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Job Zone

Title Job Zone Four: Considerable Preparation Needed
Education Most of these occupations require a four-year bachelor's degree, but some do not.
Related Experience A considerable amount of work-related skill, knowledge, or experience is needed for these occupations. For example, an accountant must complete four years of college and work for several years in accounting to be considered qualified.
Job Training Employees in these occupations usually need several years of work-related experience, on-the-job training, and/or vocational training.
Job Zone Examples Many of these occupations involve coordinating, supervising, managing, or training others. Examples include accountants, sales managers, database administrators, teachers, chemists, environmental engineers, criminal investigators, and special agents.
SVP Range (7.0 to < 8.0)

There is 1 recognized apprenticeable specialty associated with this occupation:
Application Developer

To learn about specific apprenticeship opportunities, please consult the U.S. Department of Labor State Apprenticeship Information external site website.

For general information about apprenticeships, training, and partnerships with business, visit the U.S. Department of Labor Office of Apprenticeship external site website.

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Education


Percentage of Respondents
Education Level Required
75   Bachelor's degree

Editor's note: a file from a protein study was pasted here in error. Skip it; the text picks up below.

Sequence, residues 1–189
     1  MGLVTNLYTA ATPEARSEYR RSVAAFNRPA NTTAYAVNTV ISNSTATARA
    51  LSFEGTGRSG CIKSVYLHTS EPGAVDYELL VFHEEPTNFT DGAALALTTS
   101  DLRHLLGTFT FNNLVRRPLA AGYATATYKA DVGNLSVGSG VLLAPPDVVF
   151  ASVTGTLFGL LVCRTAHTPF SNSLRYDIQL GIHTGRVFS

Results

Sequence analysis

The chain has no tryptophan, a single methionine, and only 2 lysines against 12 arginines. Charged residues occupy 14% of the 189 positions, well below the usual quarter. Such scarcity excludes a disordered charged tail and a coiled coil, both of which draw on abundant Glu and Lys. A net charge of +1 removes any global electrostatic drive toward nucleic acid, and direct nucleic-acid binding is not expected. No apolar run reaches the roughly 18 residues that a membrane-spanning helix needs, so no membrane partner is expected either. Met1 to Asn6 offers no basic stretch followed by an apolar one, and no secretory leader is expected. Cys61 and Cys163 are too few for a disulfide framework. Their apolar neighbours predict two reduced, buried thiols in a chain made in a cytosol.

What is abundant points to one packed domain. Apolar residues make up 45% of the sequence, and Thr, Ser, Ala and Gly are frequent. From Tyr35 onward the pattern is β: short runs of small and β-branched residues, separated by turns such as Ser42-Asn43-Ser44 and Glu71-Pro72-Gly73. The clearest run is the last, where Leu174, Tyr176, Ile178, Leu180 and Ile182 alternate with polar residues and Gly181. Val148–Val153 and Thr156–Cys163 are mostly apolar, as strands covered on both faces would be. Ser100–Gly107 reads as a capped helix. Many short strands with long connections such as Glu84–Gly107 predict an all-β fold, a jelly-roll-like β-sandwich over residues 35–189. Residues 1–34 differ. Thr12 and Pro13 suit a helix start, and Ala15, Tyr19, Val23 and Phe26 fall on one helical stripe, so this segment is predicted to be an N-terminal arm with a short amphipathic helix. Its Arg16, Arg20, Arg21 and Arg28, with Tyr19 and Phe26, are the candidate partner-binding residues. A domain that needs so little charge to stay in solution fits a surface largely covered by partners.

17   Master's degree
  Associate's degree

This occupation may require a background in the following science, technology, engineering, and mathematics (STEM) educational disciplines:

Computer Science — Computer and Information Sciences, General; Computer Engineering, General; Computer Science; Computer Software Engineering
Engineering — Computer Engineering Technologies/Technicians, Other; Computer Engineering, General; Computer Software Engineering

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Interests

Interest code: IRC

Investigative — Investigative occupations frequently involve working with ideas, and require an extensive amount of thinking. These occupations can involve searching for facts and figuring out problems mentally.
Realistic — Realistic occupations frequently involve work activities that include practical, hands-on problems and solutions. They often deal with plants, animals, and real-world materials like wood, tools, and machinery. Many of the occupations require working outside, and do not involve a lot of paperwork or working closely with others.
Conventional — Conventional occupations frequently involve following set procedures and routines. These occupations can include working with data and details more than with ideas. Usually there is a clear line of authority to follow.

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Work Styles

Analytical Thinking — Job requires analyzing information and using logic to address work-related issues and problems.
Attention to Detail — Job requires being careful about detail and thorough in completing work tasks.
Dependability — Job requires being reliable, responsible, and dependable, and fulfilling obligations.
Innovation — Job requires creativity and alternative thinking to develop new ideas for and answers to work-related problems.